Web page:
I’ve annoyed many of my less-theistically-inclined friends over the years with my desire to discuss the arguments for and against God or religion with them.
Originally, this probably had a bit of a proselytizing aim to it, but from the beginning, and increasingly over time, there was another reason for the activity as well: it’s a chance for me to explore more about myself and my beliefs, and my reasons for belief.
I’m convinced that there’s a God, and that it matters if we live and think like there’s a God. It’s a conviction that I arrived at after much consideration. For a couple years in my early twenties this was very much an open question for me, and doubt was even winning the day for a considerable time. It was in no small part through my focused reading of texts from the history of philosophy (especially ancient philosophy) that my mind was eventually changed and led to my current conclusion.
And it’s a question that still deeply interests me. Just a few years ago I published a small book titled The Gentleman Atheist, in which I discuss some of these arguments from different angles.
So when I have an intelligent friend who’s reached a different conclusion, on this question that seems so important to my mind, I’m often interested to converse about it, if the other person is willing and if the conversation doesn’t look like it’ll go in too cantankerous a direction.
I couldn’t necessarily even articulate why (perhaps I’ll try in a future post), but I love thinking through the constellation of questions that attach to this discussion.
One point that usually comes up sooner or later (generally sooner) is the “many Gods” or “many faiths” objection. Even if an atheist wanted to believe in God, the question goes, which God should be chosen? Which religion?
I was reflecting on this objection recently, and since it comes up so often in such discussions, and appears so compelling in a way, I thought it might be worthwhile to write up a few thoughts I have on the subject.
Let me lay out a few analogous exchanges to introduce some of the directions I’d like to take this discussion, and then after anticipating and answering a predictable response to my analogies, I’ll make explicit the significance I intend in each case.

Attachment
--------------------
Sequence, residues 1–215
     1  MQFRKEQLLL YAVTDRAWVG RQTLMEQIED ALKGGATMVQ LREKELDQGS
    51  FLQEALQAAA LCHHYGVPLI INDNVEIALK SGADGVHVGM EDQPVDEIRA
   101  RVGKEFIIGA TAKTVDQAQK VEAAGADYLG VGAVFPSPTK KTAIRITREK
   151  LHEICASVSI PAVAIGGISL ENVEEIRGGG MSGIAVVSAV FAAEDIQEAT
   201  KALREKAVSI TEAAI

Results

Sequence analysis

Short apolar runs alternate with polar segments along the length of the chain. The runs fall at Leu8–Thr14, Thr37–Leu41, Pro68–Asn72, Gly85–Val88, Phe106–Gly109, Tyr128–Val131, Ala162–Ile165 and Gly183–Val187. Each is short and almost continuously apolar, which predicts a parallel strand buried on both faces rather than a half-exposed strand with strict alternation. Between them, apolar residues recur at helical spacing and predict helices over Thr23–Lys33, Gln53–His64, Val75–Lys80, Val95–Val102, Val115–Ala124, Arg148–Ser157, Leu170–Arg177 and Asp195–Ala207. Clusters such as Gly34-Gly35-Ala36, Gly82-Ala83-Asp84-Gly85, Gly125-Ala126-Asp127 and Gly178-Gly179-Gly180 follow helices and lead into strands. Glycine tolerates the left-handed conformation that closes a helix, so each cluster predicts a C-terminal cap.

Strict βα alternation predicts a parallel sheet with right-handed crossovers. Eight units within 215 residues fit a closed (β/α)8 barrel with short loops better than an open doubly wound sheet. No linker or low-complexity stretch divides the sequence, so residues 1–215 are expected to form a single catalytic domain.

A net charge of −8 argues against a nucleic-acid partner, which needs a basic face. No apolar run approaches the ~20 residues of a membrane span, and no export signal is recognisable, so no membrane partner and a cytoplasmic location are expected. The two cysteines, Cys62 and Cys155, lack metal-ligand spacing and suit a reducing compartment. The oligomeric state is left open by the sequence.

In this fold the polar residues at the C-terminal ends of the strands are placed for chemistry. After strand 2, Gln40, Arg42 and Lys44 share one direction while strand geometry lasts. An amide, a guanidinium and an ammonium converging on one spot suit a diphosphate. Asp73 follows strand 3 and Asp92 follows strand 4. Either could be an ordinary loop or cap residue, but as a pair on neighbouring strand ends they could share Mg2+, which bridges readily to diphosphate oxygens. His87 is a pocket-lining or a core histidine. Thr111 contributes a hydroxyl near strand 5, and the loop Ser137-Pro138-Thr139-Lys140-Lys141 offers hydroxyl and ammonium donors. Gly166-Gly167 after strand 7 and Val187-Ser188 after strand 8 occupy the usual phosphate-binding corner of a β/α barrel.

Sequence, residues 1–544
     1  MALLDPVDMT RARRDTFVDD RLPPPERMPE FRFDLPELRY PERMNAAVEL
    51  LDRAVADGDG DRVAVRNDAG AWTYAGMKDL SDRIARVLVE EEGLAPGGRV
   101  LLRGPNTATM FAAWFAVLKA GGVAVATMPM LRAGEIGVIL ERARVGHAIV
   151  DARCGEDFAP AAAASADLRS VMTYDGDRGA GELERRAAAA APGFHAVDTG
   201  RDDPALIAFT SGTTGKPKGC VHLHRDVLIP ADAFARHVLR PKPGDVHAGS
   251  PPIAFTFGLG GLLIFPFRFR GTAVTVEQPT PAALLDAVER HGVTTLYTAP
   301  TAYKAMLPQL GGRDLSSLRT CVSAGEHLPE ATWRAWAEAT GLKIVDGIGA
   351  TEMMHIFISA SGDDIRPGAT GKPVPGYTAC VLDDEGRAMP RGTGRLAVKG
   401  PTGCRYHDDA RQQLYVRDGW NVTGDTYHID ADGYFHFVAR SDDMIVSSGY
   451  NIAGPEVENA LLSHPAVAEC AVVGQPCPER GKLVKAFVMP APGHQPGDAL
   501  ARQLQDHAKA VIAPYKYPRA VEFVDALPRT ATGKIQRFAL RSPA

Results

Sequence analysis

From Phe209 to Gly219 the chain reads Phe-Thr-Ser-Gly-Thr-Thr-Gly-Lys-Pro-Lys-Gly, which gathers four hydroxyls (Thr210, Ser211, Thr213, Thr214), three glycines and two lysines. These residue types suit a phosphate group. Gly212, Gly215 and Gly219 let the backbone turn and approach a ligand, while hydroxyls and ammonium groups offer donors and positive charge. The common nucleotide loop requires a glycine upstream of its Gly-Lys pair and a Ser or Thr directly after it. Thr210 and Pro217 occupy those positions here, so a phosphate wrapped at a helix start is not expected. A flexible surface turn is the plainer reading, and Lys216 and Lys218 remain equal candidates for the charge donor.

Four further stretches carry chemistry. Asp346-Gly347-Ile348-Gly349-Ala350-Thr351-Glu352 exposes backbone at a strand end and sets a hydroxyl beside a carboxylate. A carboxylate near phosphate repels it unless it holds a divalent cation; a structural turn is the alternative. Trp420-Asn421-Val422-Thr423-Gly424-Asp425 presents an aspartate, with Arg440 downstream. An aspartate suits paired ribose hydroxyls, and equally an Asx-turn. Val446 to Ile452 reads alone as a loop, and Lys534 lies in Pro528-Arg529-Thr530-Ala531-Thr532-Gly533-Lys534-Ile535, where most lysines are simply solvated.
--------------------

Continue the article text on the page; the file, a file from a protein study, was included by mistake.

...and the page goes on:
1. Okay, so in the first place how about we imagine someone saying, “I don’t believe in ties. After all, the word ties can have lots of meanings. Do you mean a bow tie, or a tied game, or a railroad tie? So I just don’t believe in them.”
(I know what you’ll say … but just hold on and let me get a few more of these out!)
2. Second, we can imagine this person: “I don’t believe in lions. After all, I’ve heard stories about lots of different lions in this jungle, and I don’t know which one I might meet, so I just don’t feel the need to believe in any of them. I just walk around the jungle as if there’s no such thing as lions.”
(Stay with me! I know these seem ridiculous, but this is how the many-gods objection sounds to me, and I’ll explain why soon.)
3. Third, how about this person: “I’ve turned off the lighthouse because I don’t believe in boats. After all, different people describe lots of different kinds of boats, and I don’t know which of them will see the light, if any. So I just leave the light off as if all boats are fictional.”
4. Fourth, this one: “I don’t try to communicate with people anymore. I never know if my messages will reach their intended recipient, and even if they do I can never know if the intended recipient was the right person to speak to in the first place. So I don’t try anymore, and furthermore, while I’m at it, I also deny that there are people out there who could hear me even if I did try.”
5. And then last, we could imagine a person like this: “I don’t believe in houses anymore. After all, some people talk about walls, other people talk about doors, other people talk about windows, other people talk about ceilings, or carpets, or roofs, or rooms, and then there’s this confusing business about residences, or homes, or abodes, or mansions. I just don’t know whom to believe anymore, so of course I have to disbelieve all of it.”